China's New Silk Road:
Promise or Peril?
The Experts Speak
Join us for our 4th annual world affairs panel led by our own club member, Lyle Goldstein '94,
in partnership with the Brown Club of RI.
The Silk Road and its promise of riches has transfixed humanity since ancient times. Less than a decade ago, Chinese decision-makers decided to build a foreign policy strategy around the ancient idea of expanding connectivity between East and West. Now known formally as the Belt and Road Initiative (BRI), the strategy encompasses ambitious overland transit corridors through Central Asia and the Middle East. It also is seeking to facilitate new maritime trade routes, as well, with port upgrades underway from East Africa to the Russian Arctic. These efforts have sparked a globe-spanning controversy. Americans are decidedly skeptical and have tended to view Chinese plans through the lens of “great power competition.” Europeans are starkly divided with some hoping to benefit from new commercial opportunities, while others are concerned about perceived attempts by Beijing to cultivate a series of “Trojan horses” within Europe itself. Across the rest of Eurasia and Africa, there are mixed reviews, but most governments have been inclined to play along with China’s ambitious plans.
This unique panel discussion features a mix of viewpoints regarding these developments, including from defense, historical, and journalistic perspectives. These experts have been looking at Chinese foreign policy for decades and are well positioned to offer an interim assessment with respect to the BRI. Whether China’s new Silk Road plans come to fruition or not, the initiative is set to form one of the most critical frameworks for determining the pattern of world politics and global commerce in the 21st century and beyond.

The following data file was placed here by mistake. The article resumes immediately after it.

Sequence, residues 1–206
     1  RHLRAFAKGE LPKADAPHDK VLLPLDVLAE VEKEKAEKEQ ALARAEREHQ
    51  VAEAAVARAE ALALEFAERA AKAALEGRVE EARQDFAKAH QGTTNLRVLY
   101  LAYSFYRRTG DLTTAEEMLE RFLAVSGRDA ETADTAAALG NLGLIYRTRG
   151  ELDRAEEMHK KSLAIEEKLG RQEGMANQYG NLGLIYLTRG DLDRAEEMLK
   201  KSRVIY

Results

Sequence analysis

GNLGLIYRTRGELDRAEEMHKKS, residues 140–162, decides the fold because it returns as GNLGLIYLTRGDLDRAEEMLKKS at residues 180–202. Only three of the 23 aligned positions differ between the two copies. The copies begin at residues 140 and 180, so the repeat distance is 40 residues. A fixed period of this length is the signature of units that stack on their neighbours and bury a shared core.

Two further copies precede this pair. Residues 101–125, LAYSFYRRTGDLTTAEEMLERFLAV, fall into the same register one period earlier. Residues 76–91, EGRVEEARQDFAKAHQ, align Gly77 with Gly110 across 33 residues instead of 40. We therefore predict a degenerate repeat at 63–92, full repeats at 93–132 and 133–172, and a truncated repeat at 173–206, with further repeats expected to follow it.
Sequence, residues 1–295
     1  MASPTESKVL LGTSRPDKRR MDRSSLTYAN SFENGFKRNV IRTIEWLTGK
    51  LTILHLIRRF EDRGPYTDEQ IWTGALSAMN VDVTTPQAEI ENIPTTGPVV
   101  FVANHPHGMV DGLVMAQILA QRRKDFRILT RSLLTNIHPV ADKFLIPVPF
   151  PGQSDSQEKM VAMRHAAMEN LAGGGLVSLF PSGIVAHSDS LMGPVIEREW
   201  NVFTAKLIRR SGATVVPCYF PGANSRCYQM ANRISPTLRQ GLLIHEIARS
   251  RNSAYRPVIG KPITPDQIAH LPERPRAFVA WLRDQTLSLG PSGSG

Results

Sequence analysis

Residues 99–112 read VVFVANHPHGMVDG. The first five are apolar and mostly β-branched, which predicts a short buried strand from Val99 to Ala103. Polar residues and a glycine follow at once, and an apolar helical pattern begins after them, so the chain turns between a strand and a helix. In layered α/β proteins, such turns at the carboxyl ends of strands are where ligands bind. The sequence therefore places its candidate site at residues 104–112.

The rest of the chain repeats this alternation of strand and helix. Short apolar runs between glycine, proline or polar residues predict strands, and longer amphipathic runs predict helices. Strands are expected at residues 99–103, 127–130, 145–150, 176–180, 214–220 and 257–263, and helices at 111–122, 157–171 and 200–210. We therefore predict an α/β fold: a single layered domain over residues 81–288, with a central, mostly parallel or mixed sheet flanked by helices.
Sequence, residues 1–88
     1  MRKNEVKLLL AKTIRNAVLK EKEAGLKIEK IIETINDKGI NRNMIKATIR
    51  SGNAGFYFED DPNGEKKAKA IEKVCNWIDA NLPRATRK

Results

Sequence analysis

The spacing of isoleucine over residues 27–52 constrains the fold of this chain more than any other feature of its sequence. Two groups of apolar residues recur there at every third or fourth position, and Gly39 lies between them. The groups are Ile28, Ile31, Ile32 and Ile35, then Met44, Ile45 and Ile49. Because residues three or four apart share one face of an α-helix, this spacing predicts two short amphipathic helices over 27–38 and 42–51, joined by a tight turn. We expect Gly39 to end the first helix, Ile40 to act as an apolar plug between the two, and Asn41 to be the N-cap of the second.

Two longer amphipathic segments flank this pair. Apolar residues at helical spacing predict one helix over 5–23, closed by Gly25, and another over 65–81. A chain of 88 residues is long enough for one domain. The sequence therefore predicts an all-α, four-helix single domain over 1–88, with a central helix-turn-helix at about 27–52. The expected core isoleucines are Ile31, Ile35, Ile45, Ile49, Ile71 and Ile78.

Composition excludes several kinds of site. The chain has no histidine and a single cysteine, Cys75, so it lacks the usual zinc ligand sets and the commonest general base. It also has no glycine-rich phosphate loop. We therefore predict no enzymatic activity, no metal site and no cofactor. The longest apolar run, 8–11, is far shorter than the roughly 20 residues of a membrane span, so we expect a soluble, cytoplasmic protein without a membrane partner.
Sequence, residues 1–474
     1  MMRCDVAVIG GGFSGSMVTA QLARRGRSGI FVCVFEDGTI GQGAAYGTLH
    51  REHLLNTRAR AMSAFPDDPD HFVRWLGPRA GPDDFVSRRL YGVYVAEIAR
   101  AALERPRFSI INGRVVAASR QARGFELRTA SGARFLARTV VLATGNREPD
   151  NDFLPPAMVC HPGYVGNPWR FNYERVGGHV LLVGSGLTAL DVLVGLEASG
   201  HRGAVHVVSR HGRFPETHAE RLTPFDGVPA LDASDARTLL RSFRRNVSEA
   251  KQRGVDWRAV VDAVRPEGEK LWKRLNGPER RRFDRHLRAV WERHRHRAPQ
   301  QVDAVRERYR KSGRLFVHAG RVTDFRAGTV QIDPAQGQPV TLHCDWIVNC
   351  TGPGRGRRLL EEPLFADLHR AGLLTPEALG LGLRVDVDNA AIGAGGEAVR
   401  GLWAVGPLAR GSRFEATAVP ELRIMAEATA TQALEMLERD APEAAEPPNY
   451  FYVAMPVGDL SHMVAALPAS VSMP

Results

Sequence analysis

An impressive panel of foreign affairs experts from Harvard and the US Naval War College:
- Lyle J. Goldstein - Professor, US Naval War College
- Lucy Hornby - Deputy Bureau Chief for the Financial Times Beijing and Nieman Fellow Harvard University
- Grant Rhode - Professor, US Naval War College, Boston University and the Harvard Fairbank Center for Chinese Studies
- Moderated by Tyler Jost - Watson Center Assistant Professor of China Studies, Brown University
Register now as we expect a sellout!
When: Monday, February 10th 2020 - 6pm light refreshments and 6:45pm panel
Where: Brown University Smith-Buonanno Hall, 95 Cushing Street, Providence
Cost: $10 for HCRI members; $15 for nonmembers
Attendance will be limited to 125 between the two clubs. There will be no walk-ins. All attendees must be pre-registered.
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